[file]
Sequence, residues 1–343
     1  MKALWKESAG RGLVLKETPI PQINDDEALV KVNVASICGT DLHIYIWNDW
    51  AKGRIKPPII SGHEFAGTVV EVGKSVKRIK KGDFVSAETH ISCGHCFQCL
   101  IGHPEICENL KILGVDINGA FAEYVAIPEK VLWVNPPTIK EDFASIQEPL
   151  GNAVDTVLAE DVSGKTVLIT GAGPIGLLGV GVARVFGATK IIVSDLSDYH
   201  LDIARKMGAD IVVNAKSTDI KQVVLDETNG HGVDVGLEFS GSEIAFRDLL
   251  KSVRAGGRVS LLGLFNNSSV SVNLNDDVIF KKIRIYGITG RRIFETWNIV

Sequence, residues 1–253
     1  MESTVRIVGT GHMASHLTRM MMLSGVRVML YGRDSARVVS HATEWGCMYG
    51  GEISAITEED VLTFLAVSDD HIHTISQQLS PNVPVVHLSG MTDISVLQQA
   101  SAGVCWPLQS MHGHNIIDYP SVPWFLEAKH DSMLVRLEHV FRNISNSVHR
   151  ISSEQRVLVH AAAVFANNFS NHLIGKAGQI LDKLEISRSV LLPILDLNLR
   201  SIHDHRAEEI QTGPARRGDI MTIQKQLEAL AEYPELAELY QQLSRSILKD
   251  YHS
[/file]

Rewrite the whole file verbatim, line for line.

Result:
Sequence, residues 1–343
     1  MKALWKESAG RGLVLKETPI PQINDDEALV KVNVASICGT DLHIYIWNDW
    51  AKGRIKPPII SGHEFAGTVV EVGKSVKRIK KGDFVSAETH ISCGHCFQCL
   101  IGHPEICENL KILGVDINGA FAEYVAIPEK VLWVNPPTIK EDFASIQEPL
   151  GNAVDTVLAE DVSGKTVLIT GAGPIGLLGV GVARVFGATK IIVSDLSDYH
   201  LDIARKMGAD IVVNAKSTDI KQVVLDETNG HGVDVGLEFS GSEIAFRDLL
   251  KSVRAGGRVS LLGLFNNSSV SVNLNDDVIF KKIRIYGITG RRIFETWNIV

Sequence, residues 1–253
     1  MESTVRIVGT GHMASHLTRM MMLSGVRVML YGRDSARVVS HATEWGCMYG
    51  GEISAITEED VLTFLAVSDD HIHTISQQLS PNVPVVHLSG MTDISVLQQA
   101  SAGVCWPLQS MHGHNIIDYP SVPWFLEAKH DSMLVRLEHV FRNISNSVHR
   151  ISSEQRVLVH AAAVFANNFS NHLIGKAGQI LDKLEISRSV LLPILDLNLR
   201  SIHDHRAEEI QTGPARRGDI MTIQKQLEAL AEYPELAELY QQLSRSILKD
   251  YHS